$FFB1 LISTEN Send LISTEN command A = pa
$FFAE UNLSN Send UNLISTEN command
$FF93 SECOND Send LISTEN secondary address A = 0x60 + sa
$FFB4 TALK Send TALK command A = pa
$FFAB UNTLK Send UNTALK command
$FF96 TKSA Send TALK secondary address A = 0x60 + sa
$FFA5 ACPTR Read byte from serial bus byteA
$FFA8 CIOUT Send byte to serial bus A = byte
$FFA2 SETTMO Set timeout A = { 0x00 | 0x80 }

Note the difference between SECOND to send a secondary address after LISTEN, and TKSA to send a secondary address after TALK. Layer 2 generally needs this distinction to get the bus into the correct state afterwards.

All calls deal with layer 3 functionality, except for SETTMO, which controls a layer 2 setting. The IEEE-488 layer 2 on the PET/CBM has an option to enable (A = 0x00, default) or disable (A = 0x80) timeouts. Timeouts are required to allow the talker to communicate an error when opening a named channel, but they can break IEEE-488 devices not designed for the PET. The call also exists on all other Commodore 8 bit computers, but has no effect, with the exception of a C64 with an added IEEE-488 cartridge.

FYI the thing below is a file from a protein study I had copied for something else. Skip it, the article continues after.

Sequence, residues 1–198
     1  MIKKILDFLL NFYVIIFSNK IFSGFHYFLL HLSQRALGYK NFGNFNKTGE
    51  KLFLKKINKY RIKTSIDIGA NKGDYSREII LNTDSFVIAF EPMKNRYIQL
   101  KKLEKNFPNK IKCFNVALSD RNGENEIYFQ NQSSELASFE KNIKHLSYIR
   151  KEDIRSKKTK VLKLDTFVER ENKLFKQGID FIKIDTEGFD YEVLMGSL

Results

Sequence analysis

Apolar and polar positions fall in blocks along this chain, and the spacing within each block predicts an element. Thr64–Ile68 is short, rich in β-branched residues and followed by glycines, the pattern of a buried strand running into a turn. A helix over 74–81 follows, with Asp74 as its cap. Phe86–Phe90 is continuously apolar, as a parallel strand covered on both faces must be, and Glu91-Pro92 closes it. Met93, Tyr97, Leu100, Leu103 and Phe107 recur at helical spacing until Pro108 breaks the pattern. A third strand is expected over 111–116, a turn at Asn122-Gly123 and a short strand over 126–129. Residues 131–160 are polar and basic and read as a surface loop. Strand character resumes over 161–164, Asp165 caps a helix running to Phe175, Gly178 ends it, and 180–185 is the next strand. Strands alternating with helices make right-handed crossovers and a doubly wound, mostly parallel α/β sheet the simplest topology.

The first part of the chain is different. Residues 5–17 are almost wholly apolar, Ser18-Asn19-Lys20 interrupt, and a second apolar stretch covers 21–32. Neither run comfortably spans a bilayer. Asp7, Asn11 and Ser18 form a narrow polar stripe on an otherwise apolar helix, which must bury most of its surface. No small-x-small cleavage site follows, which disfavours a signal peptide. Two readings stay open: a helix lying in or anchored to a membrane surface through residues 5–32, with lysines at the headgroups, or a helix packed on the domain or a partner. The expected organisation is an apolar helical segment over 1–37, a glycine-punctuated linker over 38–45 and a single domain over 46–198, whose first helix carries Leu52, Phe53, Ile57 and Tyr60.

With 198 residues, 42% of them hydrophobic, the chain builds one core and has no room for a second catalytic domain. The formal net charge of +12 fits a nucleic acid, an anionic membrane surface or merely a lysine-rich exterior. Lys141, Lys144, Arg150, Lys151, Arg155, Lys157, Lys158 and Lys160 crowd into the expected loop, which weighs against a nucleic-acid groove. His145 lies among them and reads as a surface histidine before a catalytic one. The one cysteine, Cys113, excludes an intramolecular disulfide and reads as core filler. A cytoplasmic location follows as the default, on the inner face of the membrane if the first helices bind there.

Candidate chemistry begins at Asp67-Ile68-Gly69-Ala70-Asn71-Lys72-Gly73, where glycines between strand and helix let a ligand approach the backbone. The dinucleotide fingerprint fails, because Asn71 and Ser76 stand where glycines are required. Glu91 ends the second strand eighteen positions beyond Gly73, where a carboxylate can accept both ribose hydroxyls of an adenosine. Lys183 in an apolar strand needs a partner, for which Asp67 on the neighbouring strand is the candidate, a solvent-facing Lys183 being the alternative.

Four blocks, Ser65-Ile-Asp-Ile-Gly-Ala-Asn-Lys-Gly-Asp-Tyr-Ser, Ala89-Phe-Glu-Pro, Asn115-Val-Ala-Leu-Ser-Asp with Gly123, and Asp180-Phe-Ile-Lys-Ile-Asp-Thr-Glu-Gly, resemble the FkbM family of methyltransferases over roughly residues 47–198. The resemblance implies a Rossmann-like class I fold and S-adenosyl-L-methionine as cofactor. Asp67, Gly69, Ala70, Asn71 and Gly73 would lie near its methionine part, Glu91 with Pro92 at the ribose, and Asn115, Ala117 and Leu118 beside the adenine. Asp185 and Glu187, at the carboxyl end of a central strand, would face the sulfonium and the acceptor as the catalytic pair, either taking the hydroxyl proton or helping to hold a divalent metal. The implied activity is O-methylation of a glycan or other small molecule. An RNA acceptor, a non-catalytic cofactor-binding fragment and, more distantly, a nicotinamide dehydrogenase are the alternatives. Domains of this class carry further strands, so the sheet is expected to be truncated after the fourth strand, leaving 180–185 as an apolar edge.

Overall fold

KERNAL Channel I/O API

The KERNAL’s Channel I/O API is higher-level and not specific to the Commodore Peripheral Bus. Devices 0-3 will target the keyboard, tape, RS-232 (PET: tape #2) and the screen. This API does not support multiple listeners or controller-less transmissions (but it can be combined with the low-level API for this).

address name description arguments
$FFB7 READST Read I/O status word stA
$FFBA SETLFS Set logical, first, and second addresses A = lfn, X = pa, Y = sa
$FFBD SETNAM Set file name A = len, X/Y = name
$FFC0 OPEN Open a logical file
$FFC3 CLOSE Close a specified logical file A = lfn
$FFC6 CHKIN Open channel for input X = lfn